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Re: Apache Groupy

From: Alexei Kosut <akosut@nueva.pvt.k12.ca.us>
Date: Wed, 19 Feb 1997 17:47:52 -0800 (PST)
To: Henrik Frystyk Nielsen <frystyk@w3.org>
Cc: HTTP Working Group <http-wg@cuckoo.hpl.hp.com>
Message-Id: <Pine.HPP.3.95.970219172948.7495B-100000@ace.nueva.pvt.k12.ca.us>
On Wed, 19 Feb 1997, Henrik Frystyk Nielsen wrote:

[The Apache Group's dealings with HTTP/1.1]

> I think it would be a tremendous help if you wrote up as much as you have
> and send it to the list ASAP. I found it very useful and very productive to
> work with Dean Gaudet on optimizing beta versions of Apache for HTTP/1.1
> pipelining.

Okay, here's one:

I should point out that this is not a problem with the HTTP/1.1 spec
itself, per se, and falls more under the category of "standards are
great; everyone's is different!"

Section 19.2 of HTTP/1.1 defines multipart/byteranges as the response
media type to be used for a multipart byterange request. Now, this,
and the other byterange sections of the draft (except for If-Range)
were based on the Luotenen/Franks drafts about byteserving. In fact,
the last of those drafts and the HTTP/1.1 semantics are nearly
identical, and almost interoperable.

Almost.

These versions of the spec did not define multipart/byteranges. They
used instead multipart/x-byteranges. I won't speculate why, but for
whatever reason, they did. Several browsers were coded to this
now out-of-date specification, including Netscape Navigator 2 and 3,
and Microsoft Internet Explorer 3; several servers were also coded
this way.

The result? Any HTTP application that implements the HTTP/1.1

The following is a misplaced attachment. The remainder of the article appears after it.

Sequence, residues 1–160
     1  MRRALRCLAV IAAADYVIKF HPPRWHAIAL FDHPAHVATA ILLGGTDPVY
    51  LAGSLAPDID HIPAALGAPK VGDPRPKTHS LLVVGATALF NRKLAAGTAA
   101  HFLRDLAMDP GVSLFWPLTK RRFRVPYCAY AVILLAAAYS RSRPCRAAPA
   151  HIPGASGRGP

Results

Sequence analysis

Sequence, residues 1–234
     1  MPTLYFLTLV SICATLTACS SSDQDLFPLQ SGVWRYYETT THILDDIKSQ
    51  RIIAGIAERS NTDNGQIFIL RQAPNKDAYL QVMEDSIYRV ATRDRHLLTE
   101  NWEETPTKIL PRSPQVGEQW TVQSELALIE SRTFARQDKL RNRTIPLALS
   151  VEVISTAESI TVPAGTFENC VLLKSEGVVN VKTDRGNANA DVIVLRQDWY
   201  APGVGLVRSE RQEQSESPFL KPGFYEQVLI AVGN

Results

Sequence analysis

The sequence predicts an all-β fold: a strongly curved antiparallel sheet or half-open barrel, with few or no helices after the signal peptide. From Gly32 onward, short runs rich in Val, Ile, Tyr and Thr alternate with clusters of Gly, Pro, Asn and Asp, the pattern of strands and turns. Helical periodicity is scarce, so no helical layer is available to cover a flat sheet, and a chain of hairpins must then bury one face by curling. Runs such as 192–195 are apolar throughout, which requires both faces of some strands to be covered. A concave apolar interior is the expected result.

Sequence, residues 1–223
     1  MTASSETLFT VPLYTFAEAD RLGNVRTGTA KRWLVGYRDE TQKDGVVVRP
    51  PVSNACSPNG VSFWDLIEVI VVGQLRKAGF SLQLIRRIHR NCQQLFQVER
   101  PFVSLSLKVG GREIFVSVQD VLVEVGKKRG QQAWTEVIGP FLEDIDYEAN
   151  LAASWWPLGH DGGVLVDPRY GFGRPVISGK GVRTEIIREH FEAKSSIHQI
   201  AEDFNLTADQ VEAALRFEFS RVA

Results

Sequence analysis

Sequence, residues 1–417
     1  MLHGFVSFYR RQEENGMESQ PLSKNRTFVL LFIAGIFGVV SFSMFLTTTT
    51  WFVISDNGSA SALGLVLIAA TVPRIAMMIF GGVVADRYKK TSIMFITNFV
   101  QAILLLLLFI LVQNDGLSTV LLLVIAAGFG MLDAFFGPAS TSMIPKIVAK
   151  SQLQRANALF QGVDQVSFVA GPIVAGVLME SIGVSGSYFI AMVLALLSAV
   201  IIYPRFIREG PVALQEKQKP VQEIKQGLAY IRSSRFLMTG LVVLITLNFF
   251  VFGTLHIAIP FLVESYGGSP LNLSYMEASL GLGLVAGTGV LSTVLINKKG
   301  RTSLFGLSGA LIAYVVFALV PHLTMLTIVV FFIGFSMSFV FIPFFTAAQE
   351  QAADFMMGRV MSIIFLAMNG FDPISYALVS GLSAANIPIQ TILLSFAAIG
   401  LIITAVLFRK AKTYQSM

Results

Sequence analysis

specification for byteranges is not compatible with these
implementations. For example, when Navigator would request a PDF file
(the PDF plugin requests multiple byteranges; one part for each page
of the file, I believe), Apache would send a multipart/byteranges
response. Navigator's behavior is at this point incorrect (basically,
the window just goes blank, at least with the Mac version).

Our eventual decision was that Apache 1.2b7 (which has not yet been
released) will contain what amount to User-Agent checks for these two
browsers (there may be others, but we are not aware of them), and it
will send multipart/x-byteranges to them. We have also been assured
by Netscape and Microsoft that future versions of their browsers will
understand multipart/byteranges.

To be sure, neither Navigator nor IE claim to be HTTP/1.1-compliant,
nor do any of the servers that send multipart/x-byteranges by
default. However, they do cause problems with clients and servers that
are compliant with HTTP/1.1 - a spec supposedly 100%
backwards-compatible with HTTP/1.0.

I guess the problem is also one of interim standards; the spec to
which these HTTP applications adhere no longer exists: It was an
internet draft that expired some time ago. Someone writing a server
today might look at the HTTP/1.0 and HTTP/1.1 specs, and implement a
server (the same applies to a browser; I'm speaking here from my
experiences) that is 100% to-the-letter compliant with both. They
might then assume that their server would be compatible with the
plethora of browsers that are out there. They'd be wrong, at least in
this respect.

Anyhow, I just thought I'd share that...

-- 
________________________________________________________________________
Alexei Kosut <akosut@nueva.pvt.k12.ca.us>      The Apache HTTP Server
URL: http://www.nueva.pvt.k12.ca.us/~akosut/   http://www.apache.org/
Received on Wednesday, 19 February 1997 17:53:38 EST

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